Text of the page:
'GARCINIA CAMBOGIA' FROM 'CLUSIACEAE' FAMILY

ABOUT 'GARCINIA CAMBOGIA' PLANT


Garcinia cambogia 
  
FAMILY:- CLUSIACEAE
 

BOTANICAL NAME:- Garcinia cambogia
Syn . - Mangostana cambodia
 

VERNACULAR NAMES:
 

SINHALA : Rata goraka, Goraka, Kana Goraka
TAMIL : Goraka
ENGLISH : Goraka

 



DESCRIPTION:

Tree up to 15 m high, usually much smaller with a dense, pyramidal crown. Branches patent (upper once erect-patent), the ends sometimes dropping. Wood yellowish brown, rather hard, moderately heavy.
 

LEAVES:- All parts glabrous. Bark blackish or dark grey, peeling off in small pieces. Live bark white with white sticky, thick lates, turning yellowish after exposure,leaves coriaceous, linear-oblong to - lanceolate (rarely ovate) 4x12 - 10x35 cm apex somewhat rounded and tip sharply apiculatel, base rounded to acute midrib hardly prominent above, prominent on lower surface, laterals conspicuous both sides, 15-20 pairs, irregular, erect-patent slightly curved towards margin, in between somewhat shorter laterals, reticulation lax, obscure, pedicels 1.5-2.5 cm long with a large of ovale with high margins.
 

FLOWERS:- Flowers axillary, polygamously dioecious. Male flowers with 5 (rarely 4) greenish white, suborbiculas concave sepals, margin fimbriate, the two outer ones 4-6 mm, inner ones thinner up to 7 mm long. Petals 5, orbiculares, shortly clawed, thin, white. Somewhat climate, veined, upto 9 mm long. Female flower larger than male, 1-3 from axils of terminal pair of leaves, sepals and petals as in the male; stamens 10-20 in rayed.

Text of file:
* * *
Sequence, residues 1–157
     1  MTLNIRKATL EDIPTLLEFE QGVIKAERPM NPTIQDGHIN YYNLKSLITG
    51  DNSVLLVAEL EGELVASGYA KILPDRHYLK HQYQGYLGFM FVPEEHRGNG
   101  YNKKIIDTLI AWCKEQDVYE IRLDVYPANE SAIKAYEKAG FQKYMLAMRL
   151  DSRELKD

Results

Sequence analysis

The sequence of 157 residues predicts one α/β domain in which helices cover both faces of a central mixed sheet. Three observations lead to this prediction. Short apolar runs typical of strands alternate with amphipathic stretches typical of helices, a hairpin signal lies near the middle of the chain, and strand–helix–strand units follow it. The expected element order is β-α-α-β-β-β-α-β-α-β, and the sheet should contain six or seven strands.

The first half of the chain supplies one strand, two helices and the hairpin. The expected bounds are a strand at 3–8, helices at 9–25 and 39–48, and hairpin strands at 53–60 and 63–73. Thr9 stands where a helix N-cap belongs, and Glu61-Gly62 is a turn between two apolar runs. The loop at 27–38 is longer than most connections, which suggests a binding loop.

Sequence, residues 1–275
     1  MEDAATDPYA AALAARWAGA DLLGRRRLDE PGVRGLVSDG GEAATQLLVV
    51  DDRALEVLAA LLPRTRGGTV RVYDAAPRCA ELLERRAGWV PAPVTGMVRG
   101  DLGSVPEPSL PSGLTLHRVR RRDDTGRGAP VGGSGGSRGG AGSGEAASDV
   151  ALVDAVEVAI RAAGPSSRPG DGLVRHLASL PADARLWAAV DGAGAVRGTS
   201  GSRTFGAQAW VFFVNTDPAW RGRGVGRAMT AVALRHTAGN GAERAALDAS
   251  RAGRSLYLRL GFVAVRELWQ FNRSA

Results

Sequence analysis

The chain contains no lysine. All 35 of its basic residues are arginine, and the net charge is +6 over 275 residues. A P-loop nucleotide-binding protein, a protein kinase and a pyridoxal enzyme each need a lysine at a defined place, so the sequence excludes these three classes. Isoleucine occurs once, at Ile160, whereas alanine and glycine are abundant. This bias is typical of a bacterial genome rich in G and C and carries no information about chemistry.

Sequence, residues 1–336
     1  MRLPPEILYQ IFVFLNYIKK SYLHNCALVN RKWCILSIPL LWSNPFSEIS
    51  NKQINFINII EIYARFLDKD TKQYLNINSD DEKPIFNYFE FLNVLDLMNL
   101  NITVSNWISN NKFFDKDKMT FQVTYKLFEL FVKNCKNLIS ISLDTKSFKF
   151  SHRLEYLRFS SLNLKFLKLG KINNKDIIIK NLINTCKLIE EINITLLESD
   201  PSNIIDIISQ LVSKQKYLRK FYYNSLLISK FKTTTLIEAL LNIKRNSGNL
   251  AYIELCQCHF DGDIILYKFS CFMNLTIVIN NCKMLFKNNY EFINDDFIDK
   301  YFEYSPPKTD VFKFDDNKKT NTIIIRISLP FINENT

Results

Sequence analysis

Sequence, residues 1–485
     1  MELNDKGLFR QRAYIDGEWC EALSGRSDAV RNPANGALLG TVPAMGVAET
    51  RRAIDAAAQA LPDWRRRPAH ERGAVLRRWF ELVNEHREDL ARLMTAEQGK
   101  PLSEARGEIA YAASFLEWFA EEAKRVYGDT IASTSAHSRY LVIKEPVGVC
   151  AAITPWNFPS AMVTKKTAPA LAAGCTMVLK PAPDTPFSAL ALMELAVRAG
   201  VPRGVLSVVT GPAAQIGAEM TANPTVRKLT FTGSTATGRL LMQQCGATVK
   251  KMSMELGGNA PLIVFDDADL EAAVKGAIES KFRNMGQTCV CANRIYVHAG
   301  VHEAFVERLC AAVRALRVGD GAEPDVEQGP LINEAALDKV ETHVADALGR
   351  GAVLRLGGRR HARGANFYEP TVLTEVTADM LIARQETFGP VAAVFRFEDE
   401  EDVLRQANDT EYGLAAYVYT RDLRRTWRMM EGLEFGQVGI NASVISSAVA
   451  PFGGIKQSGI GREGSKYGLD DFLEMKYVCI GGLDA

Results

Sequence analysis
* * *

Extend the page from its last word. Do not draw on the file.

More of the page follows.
FRUITS:- Sub-globose, pointed (obligue), dark yellow up to 9 cm diam. The point 2-3 mm, bearing the stigma with long branches, pericarp with plenty of dark yellow, sticky, thick later, endocarp forming a sweet to sweet-acid, pleasant juicy arilloce; seeds oblong brown testa veined (Jayaweera, 1980).
 

DISTRIBUTION:
 

Occurs in the Western India (Jayaweera, 1980). It is common in Sri Lanka in the moist low country upto 500 m altitude. 

EDIBLE PARTS: The fruits.
 

FOOD USE: Dried rind of fruit is used for preservation purposes. It is also used to flavour curries instead of tamarind in Sri Lanka. Further it is used in vinegar preparation. Inner portion is sweet and acidic which can be eaten as Mangosteen.
 

NUTRITIONAL AND THERAPEUTIC VALUE:
 

A decoction of the dried fruit is used as a medicine for bilious conditions. The gum of the bark is an inferior kind of gamboge. (Jayaweera, 1980).
 

OTHER USES:  Seedling of one year are good for grafting in Mangosteen.
 

STORAGE:
 

Sun-dried rinds can be stored for a long time in dry and cool places.